On Gutters and Ethnography

On Gutters and Ethnography

In a departure from more conventional communication methods in academia, I’m exploring how comics–a medium I love to read and am learning to make (thank you to my teacher in pre-pandemic times, Julian Peters!)–speak to ethnographic practice. In particular, I am wrestling with how the gutter between comics panels is something to consider in terms of ethnographic narratives. The work I refer to below is Scott McCloud’s Understanding Comics, which is an excellent resource for comics artists and readers alike. For those who are interested in examples of the intersections of ethnography and comics, as a very small start, I really like Tings Chak’s Undocumented: the Architecture of Migrant Detention (unfortunately currently out of print), Thi Bui’s The Best We Could Do, Safdar Ahmed’s “Villawood“, the satire/non-fiction comics website The Nib, Eleanor Davis’s You & a Bike & a Road, and “At Work Inside our Detention Centres: A Guard’s Story” by Sam Wallman and others at the now-defunct Global Mail. There are so many brilliant comics artists out there, and there’s even a whole American Anthropologist piece about anthropology and comics! (If you’re really stuck and need comic recommendations, Tweet at me with a few books you like or subjects you’re interested in. Or, share your own recommendations in the comments!)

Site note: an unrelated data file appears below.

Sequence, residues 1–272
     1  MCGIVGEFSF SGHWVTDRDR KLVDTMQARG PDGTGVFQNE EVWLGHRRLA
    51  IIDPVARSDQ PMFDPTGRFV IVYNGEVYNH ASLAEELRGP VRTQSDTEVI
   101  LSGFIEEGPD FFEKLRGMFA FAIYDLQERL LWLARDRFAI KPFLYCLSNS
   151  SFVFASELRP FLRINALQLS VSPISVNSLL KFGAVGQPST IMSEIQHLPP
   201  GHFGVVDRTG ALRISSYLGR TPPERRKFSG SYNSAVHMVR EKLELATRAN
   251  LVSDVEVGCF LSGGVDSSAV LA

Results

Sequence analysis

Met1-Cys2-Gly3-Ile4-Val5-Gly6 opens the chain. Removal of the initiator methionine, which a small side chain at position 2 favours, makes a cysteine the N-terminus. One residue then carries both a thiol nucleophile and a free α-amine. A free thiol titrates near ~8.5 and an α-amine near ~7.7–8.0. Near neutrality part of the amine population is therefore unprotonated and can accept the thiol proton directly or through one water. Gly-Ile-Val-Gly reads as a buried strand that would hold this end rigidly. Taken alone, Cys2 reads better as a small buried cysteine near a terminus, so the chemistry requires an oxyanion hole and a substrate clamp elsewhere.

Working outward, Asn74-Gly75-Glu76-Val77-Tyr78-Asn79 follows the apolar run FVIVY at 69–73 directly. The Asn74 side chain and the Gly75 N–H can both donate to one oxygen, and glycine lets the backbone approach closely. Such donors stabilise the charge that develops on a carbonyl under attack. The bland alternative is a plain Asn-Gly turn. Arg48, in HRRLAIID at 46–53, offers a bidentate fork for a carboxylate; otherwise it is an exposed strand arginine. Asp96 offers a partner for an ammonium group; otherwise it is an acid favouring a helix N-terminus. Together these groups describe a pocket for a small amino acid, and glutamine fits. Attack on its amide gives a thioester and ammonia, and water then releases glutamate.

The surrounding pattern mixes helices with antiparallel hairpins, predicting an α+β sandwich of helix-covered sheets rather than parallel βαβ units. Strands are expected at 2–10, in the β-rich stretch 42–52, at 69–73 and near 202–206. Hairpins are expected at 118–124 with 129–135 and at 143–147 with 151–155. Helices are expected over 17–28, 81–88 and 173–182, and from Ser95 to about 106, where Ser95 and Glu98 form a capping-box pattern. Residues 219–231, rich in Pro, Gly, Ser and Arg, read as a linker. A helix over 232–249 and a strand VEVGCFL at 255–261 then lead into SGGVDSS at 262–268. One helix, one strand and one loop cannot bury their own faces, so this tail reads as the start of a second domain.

My next post will be more text-heavy, but until then: my short meditation on comics.

In "Understanding Comics," Scott McCloud talks about how gutters--the spaces between panels--are a part of comics storytelling. Gutters aren't a lack of comics--gutters are gaps that impact how a story is told.

(Black on white) Gutters are the breath we take between here... (in a separate white box, black text) ...and here

According to McCloud, gutters also help us experience time in comics. In the example to the left, think about how your brain processes these two sequential images. What does the gutter do? (The images are one closed eye, one open eye.)

Ethnographies are also partial, and subject to their own kinds of time. Ethnographers decide whose voices to feature, what scenes to describe, and what kinds of topics to cover. (Ethnographers even decide--in the moment--what to not include in our notes.) [The background is two notebooks, one dark, one white.]

What is left out as we create an ethnographic (w)hole? How can we be more aware of the gaps in the stories we tell? [Hands are typing on a keyboard in the background, with a striped background.]

How do I write about my own fieldsite? how can I do justice to the 100+ asylum tribunal cases I observed? How do I tell a complicated story?

I don't have a perfect, one-size-fits-all solution. Ethnigraphic practices, styles, attentions vary. But I do think that we need to pay more attention to the interstitial gaps that make our ethnographic accounts possible.

[Dark background, white text]: We can't tell whole stories without acknowledging what's left out.

2 Replies to “On Gutters and Ethnography”

  1. This is such a nice and thoughtful reflection. I’ll be thinking about “gutters” for a while and just ordered some of the recommendations in the post. Thanks for this!

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